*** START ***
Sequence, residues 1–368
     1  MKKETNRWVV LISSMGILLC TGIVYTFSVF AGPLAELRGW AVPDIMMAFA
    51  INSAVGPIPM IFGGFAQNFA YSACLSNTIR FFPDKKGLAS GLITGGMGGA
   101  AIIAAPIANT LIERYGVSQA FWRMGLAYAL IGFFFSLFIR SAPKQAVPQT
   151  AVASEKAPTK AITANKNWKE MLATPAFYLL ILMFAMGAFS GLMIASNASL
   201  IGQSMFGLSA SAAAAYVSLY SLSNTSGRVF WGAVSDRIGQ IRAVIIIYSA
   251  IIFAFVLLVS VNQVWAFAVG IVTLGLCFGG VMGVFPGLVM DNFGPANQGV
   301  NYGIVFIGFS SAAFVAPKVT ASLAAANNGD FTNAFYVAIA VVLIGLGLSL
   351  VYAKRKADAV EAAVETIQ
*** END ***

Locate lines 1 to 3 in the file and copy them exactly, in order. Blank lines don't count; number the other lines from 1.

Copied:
Sequence, residues 1–368
     1  MKKETNRWVV LISSMGILLC TGIVYTFSVF AGPLAELRGW AVPDIMMAFA
    51  INSAVGPIPM IFGGFAQNFA YSACLSNTIR FFPDKKGLAS GLITGGMGGA